Metrics for Startup Success

What is the right startup success metric?

I was recently asked why we celebrate fundraising amounts as opposed to other meaningful metrics, such as revenue, recurring customers or staff size. To be perfectly honest, it’s a struggle to find intermediate metrics for startup success.

In our industry, funding is used often as a measure of success, but this is by no means a perfect metric. Just because you raise money doesn’t mean you should celebrate. Securing funding doesn’t automatically mean your company is going to be successful. Think Color or Quirky. If we measure success by fundraising, then these were huge successes. But clearly they were not actually successful.

There are other meaningful metrics to consider, such as impact, number of employees, amount of revenue or number of customers. All of these are reasonable intermediary proxies, and we take them as signals of success, which is the best gauge we have in this industry. But no one factor by itself is sufficient to compare the success of startups. For instance, you could try to use number of employees as a metric, but sometimes great companies are built and create a lot of value while hiring very few people (think Craigslist).

When we say that Techstars companies have raised $3 billion, that’s a proxy for activity, but it’s not a measurement of success. Ultimately the measure of success is the return on investment—and we’re fortunate to have some pretty great returns on Techstars. However, you don’t know how “successful” a particular company is until you actually get that return on the investment. The problem is exacerbated because we are also judged on imperfect intermediary metrics like funding by our capital partners. It’s the best we all have until companies are more mature. Startups are a long-hold, long-term type of asset.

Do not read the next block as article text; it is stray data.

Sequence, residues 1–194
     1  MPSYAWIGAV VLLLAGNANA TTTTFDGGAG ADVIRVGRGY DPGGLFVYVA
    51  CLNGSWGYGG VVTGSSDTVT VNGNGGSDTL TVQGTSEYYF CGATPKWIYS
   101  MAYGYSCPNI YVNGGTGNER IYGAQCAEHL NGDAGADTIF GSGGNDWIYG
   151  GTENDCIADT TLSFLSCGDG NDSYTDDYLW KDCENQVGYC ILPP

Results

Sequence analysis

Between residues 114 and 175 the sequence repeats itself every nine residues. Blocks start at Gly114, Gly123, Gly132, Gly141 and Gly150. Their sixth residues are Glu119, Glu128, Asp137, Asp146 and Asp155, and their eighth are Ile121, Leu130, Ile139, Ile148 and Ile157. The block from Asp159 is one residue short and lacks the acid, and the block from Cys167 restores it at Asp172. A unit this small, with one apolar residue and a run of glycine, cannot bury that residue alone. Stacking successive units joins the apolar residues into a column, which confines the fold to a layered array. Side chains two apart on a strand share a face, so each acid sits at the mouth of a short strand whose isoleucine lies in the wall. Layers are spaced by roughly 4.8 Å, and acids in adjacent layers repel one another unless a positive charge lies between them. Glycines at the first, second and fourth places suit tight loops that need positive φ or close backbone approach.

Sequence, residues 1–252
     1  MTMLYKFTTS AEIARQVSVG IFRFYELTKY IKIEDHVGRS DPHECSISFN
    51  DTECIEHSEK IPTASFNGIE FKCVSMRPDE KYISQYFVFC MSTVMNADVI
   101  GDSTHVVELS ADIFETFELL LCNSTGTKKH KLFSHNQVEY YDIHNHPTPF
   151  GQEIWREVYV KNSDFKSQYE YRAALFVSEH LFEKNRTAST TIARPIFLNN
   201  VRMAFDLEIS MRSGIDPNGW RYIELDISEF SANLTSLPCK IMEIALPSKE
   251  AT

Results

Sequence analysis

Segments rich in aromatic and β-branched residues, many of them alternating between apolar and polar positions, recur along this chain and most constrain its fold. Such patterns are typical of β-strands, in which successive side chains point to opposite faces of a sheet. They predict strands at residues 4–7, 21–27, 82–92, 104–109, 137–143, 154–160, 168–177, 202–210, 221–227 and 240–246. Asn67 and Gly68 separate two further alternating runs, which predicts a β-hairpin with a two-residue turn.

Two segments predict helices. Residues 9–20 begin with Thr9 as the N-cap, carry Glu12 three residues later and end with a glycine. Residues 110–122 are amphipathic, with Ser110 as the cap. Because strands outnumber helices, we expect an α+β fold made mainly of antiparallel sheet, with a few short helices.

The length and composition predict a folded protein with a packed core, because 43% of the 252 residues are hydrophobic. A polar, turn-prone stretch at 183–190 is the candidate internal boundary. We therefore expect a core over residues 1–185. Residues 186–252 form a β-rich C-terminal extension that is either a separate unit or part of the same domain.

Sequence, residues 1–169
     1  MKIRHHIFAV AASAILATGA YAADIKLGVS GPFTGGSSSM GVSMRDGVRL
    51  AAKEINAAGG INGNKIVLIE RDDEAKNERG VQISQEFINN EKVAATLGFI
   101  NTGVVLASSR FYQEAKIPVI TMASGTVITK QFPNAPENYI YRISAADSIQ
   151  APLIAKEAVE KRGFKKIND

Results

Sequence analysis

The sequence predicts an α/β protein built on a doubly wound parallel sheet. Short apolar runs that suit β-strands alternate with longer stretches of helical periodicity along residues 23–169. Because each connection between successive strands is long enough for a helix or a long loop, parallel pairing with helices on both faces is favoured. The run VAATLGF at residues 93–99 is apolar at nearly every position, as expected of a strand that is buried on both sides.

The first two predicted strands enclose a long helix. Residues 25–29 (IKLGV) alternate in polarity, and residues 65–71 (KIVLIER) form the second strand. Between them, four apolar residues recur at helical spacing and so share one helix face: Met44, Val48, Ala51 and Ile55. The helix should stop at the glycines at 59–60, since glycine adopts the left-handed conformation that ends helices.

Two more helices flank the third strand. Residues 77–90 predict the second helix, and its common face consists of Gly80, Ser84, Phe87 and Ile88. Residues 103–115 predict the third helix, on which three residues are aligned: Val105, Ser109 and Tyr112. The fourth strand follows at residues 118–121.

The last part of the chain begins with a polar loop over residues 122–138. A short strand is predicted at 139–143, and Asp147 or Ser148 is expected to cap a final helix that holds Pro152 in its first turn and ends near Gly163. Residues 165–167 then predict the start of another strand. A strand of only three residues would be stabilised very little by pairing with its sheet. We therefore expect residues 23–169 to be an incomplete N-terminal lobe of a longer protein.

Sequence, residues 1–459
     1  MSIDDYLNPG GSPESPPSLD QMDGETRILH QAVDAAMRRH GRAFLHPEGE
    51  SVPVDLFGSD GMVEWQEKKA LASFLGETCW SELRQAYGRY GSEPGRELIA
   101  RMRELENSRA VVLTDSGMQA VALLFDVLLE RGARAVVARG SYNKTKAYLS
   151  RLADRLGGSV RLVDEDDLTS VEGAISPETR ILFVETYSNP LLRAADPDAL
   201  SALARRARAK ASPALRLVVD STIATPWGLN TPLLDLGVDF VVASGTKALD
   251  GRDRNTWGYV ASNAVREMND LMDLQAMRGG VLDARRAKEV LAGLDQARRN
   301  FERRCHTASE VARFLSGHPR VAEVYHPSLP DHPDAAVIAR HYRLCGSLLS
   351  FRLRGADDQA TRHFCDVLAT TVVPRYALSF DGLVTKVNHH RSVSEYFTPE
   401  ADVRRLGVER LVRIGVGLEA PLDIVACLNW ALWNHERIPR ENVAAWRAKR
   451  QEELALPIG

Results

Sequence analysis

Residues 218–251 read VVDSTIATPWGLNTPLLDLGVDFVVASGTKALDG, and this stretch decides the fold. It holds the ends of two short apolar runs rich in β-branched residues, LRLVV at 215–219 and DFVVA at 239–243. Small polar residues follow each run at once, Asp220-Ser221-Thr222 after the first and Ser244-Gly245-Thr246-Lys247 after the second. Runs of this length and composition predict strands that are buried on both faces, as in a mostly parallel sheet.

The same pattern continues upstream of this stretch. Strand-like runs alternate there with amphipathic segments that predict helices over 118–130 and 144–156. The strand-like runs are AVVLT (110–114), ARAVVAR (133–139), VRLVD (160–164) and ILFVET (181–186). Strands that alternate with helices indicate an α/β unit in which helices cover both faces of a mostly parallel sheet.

In the long term, you can absolutely measure success based on return to investors. But on an intermediate basis, it’s truly a struggle to find the right way to measure startup success. I’m sure you’ll have some ideas for the comments.

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  • http://dewellconsulting.com Tom Dewell

    David, how long do you consider a company to be in the start up phase? Is there a metric for that? And how do you measure ROI for investors when so many companies, at least in the SaaS world, keep driving top line growth over profitability.
    Thanks
    Tom

    • David Cohen

      It’s a good question, and i don’t have a great definition. It’s sort of like porn, i know a startup when i see one. For purposes of this post, I’m talking about companies that are under 100m in value most typically.

      • Andy’s HVC

        I think it was Paul Graham from YC who defined a startup as a business experiencing rapid growth in an allotted time period, e.g. growth of 5% per week for X consecutive months.

        • David Cohen

          I think that is one kind of startup.

          • Quentin Levy

            Steve Blank’s definition of a startup: A startup is a temporary organization used to search for a repeatable and scalable business model.

  • Aditya

    National Entrepreneurship Network (NEN) inspires, educates, and supports student entrepreneurs, startups, and SMEs for creating high-value jobs. NEN has also ventured into creating city-based entrepreneurial ecosystems consisting of mentors, investors, and incubators supporting startups and SMEs. https://www.wfnen.org

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